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nukedathlonman
July 9th, 2009, 12:24 AM
I'm working on getting my laptop working properly (Dell Vostro 1720 with Intel 6570 Core 2 Duo, 4gb RAM, 250G 7200 RPM SATA HD, DVD writer, nVidia GeForce 9600M GS (512M memory), Broadcrum wireless, RT8169 gigabit ethernet, and bluetooth module), and I have need to switch to lower screen resolutions at times to play some of my games.

The problem I'm having is out of the box is Ubunutu (and Kubuntu) will only see the native resolution of my display - 1920x1200.

I found this page: https://wiki.ubuntu.com/X/Troubleshooting/Resolution

Using the instructions listed under "Problem: The LCD's maximum resolution is detected automatically, but lower resolutions are not available". I followed the directions and used http://xtiming.sourceforge.net/cgi-bin/xtiming.pl to make up the modelines I needed. Now this first test I was using the open source "nv" Xorg driver. It worked with out a hitch and I can change my display resolutions from as low as 320x240 on up to the native resolution of the panel with out any problems.

So I then installed the closed source nVidia 180 drivers. From a command terminal I follow the same directions except I changed the display name from LVDS to default (xrandr reported that as the display instead of LVDS). When I test any of the added resolutions, it the screen flickers for a brief second, & then restores back to the native resolution of the display with xrandr spiting out the message "xrandr: Configure crtc 0 failed".

So it's a semi go - as in it only works with the "nv" driver meaning I must forgo 3D acceleration. :-( Any idea how I can get this working with the closed nVidia drivers?

shatterblast
July 9th, 2009, 08:14 AM
I think you can alter the Resolution from directly inside the NVIDIA X Server. That is located under:

System -> Administration -> NVIDIA X Server -> X Server Display Configuration

After that, you should press the button for "Detect Displays."

nukedathlonman
July 9th, 2009, 01:13 PM
I think you can alter the Resolution from directly inside the NVIDIA X Server. That is located under:

System -> Administration -> NVIDIA X Server -> X Server Display Configuration

After that, you should press the button for "Detect Displays."


I think you just miss understand the issue I'm having.

nVidia's configuration is only giving me ONE resolution - 1920x1200.

Yes, that great for general desktop use, and yes, it looks great because it is the native resolution of my display. But it's totaly useless when I want to play a game that uses another resolution - Starcraft uses 640x480 resolution for example.

Now StarCraft is one of the few games that works, but only takes up 1/3 of the screen - rather hard to really play the game when it's only showing up on 1/3 of the screen and the screen is already small at 17".

Other games simply terminate because the resolution they resquest is NOT avalible. I can only get other resolutions if I use the "nv" driver instead of the "nvidia" driver, and only when I manually add the resolutions from a command prompt as I did in the first post.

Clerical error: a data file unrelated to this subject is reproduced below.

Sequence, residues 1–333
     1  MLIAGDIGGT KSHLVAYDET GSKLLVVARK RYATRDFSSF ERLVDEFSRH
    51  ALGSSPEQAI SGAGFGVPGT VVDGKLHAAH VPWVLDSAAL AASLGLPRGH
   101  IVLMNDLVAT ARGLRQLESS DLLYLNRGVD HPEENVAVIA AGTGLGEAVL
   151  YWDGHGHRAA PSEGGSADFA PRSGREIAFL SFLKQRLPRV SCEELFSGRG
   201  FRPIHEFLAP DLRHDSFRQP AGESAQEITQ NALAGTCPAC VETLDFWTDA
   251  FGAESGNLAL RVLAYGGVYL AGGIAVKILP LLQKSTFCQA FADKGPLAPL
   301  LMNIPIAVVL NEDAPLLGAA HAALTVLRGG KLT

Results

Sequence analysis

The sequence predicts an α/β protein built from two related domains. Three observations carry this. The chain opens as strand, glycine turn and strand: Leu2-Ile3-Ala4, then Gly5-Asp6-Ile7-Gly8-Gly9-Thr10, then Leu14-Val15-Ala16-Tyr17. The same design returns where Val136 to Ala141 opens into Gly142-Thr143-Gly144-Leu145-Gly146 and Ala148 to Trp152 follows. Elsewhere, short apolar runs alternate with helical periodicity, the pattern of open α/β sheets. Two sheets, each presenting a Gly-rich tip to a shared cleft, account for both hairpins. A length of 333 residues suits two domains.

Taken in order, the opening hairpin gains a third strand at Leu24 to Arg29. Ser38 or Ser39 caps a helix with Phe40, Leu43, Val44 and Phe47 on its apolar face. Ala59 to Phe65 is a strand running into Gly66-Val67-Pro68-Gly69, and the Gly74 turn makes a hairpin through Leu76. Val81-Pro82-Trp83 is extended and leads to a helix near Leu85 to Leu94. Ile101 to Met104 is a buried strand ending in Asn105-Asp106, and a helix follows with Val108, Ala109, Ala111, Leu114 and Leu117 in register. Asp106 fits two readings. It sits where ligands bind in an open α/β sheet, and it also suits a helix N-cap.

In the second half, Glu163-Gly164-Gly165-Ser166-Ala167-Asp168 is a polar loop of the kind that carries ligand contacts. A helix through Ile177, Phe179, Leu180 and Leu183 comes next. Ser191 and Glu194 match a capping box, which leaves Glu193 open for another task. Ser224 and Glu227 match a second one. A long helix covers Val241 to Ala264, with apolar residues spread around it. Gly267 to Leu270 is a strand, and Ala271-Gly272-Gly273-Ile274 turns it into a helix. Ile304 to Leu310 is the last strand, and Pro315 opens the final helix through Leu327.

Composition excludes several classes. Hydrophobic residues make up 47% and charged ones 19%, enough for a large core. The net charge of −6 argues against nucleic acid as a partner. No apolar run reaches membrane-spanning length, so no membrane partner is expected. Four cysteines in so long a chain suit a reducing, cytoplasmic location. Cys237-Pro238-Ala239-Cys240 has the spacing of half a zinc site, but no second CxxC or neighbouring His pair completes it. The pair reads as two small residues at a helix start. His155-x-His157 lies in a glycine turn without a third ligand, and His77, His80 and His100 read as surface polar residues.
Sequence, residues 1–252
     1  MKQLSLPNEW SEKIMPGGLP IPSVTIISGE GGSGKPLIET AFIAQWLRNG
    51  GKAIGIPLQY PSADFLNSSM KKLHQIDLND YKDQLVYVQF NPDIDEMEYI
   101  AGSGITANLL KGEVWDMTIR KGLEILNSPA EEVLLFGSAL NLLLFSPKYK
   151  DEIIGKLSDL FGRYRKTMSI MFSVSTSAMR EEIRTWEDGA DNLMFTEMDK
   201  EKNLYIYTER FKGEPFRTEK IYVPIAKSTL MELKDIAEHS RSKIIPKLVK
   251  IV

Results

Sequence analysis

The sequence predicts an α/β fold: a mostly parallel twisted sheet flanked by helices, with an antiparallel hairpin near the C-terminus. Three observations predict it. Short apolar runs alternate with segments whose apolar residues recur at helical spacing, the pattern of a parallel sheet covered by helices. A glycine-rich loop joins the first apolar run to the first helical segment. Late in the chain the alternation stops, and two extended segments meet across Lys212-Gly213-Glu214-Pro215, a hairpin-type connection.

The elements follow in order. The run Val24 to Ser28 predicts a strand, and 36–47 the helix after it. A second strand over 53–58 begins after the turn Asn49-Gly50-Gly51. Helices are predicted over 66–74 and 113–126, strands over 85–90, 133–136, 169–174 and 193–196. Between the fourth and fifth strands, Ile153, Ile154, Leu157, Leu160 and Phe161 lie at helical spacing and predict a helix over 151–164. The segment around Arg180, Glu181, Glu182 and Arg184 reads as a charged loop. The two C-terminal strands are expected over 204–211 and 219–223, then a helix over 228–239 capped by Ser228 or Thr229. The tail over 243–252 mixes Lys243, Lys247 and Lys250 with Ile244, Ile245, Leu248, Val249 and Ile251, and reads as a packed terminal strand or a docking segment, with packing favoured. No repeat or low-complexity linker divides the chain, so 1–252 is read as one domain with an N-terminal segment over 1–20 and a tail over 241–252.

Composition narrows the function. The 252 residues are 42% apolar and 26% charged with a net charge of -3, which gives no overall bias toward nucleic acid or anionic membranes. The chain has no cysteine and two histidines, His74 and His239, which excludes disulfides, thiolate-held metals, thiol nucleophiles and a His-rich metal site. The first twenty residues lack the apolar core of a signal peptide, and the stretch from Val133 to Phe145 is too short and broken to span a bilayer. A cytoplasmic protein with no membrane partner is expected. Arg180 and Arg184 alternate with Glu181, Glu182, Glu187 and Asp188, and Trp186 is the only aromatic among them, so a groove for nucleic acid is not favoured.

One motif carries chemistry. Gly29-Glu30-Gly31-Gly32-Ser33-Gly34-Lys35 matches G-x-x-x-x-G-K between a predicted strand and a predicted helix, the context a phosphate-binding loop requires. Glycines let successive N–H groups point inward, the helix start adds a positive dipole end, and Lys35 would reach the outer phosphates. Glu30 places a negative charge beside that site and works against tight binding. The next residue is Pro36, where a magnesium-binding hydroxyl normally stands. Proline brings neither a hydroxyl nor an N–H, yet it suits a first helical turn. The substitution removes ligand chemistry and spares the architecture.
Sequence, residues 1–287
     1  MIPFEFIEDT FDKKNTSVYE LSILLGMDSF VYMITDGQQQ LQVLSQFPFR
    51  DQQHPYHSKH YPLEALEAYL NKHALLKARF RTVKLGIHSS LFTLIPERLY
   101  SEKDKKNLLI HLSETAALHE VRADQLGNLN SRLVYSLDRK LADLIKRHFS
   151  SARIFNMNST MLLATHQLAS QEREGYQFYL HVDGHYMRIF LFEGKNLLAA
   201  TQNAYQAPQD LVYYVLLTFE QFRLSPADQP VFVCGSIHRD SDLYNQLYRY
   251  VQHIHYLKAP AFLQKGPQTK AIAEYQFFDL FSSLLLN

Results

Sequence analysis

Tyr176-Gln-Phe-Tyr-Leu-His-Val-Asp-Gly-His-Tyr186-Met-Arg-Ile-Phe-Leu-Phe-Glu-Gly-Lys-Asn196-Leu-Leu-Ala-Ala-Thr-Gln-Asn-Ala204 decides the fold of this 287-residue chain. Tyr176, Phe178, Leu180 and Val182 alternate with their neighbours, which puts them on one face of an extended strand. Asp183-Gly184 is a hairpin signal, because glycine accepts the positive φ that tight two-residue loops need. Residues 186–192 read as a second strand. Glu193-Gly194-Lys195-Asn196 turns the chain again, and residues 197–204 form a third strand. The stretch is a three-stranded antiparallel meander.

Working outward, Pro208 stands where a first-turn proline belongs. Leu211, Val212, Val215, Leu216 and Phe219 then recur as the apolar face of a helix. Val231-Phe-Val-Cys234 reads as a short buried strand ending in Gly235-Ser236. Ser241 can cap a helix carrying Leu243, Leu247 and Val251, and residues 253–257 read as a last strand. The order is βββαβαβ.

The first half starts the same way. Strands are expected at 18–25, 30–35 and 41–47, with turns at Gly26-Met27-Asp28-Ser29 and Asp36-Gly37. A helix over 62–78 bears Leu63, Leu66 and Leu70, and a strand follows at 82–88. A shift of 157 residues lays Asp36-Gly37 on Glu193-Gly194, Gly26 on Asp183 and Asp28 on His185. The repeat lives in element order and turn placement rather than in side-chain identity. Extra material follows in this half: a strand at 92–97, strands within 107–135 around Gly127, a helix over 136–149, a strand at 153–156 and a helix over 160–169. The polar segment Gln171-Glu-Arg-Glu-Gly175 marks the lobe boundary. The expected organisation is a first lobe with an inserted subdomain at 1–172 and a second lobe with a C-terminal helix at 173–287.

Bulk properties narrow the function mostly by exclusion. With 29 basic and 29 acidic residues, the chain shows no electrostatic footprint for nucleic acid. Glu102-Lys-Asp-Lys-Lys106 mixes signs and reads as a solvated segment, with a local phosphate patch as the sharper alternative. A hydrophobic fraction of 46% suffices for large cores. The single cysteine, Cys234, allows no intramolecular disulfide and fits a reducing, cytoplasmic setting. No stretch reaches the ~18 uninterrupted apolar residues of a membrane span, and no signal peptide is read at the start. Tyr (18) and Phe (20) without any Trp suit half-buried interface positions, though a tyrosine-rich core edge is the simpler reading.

nukedathlonman
July 9th, 2009, 07:34 PM
bump

nukedathlonman
July 10th, 2009, 12:37 AM
Did more digging and I believe I found the problem - or bug rather.

https://bugs.launchpad.net/ubuntu/+source/xorg-server/+bug/194760

Not solved yet, but thanks! :popcorn:

shatterblast
July 10th, 2009, 03:26 AM
You could take a risk and try the following:

https://launchpad.net/~nvidia-vdpau/+archive/ppa

I have not tested the contents.

nukedathlonman
July 10th, 2009, 04:19 AM
I'll give it a spin, but I don't think that will work. I've rechecked the non-accelerated "nv" driver, and it still shows Edid fail with dccprobe. Thats probably why I have to add the lower resolutions manualy with xrandr. I think for the time being I'll have to continue to use my trusty old desktop to game at home instead of at the coffee shop. :-)

nukedathlonman
July 12th, 2009, 03:22 AM
Confirmed - untill I get readable Edid data, I'm stuck @ 1920x1200 resolution. I did try to ignore edid data and manualy add in modelines, but the colosed nvidia driver does not like doign that at all. Hopefully this will get fixed at some point, in the mean time I'll just have to use the nv driver with the modelines manualy added in as described int eh first post (which does not work with the closed nvidia driver's).

shatterblast
July 13th, 2009, 06:46 AM
You could also try a different account for the different monitor. I think it's possible to keep different configurations for the video for different log-in names. Also in addition to my previous suggestion, it might also help to try the 190.x drivers by enabling "Pre-Released Updates" in the Updates tab of the Software Sources window. Apparently, that will cover the OpenGL portion where as the PPA possibly will not.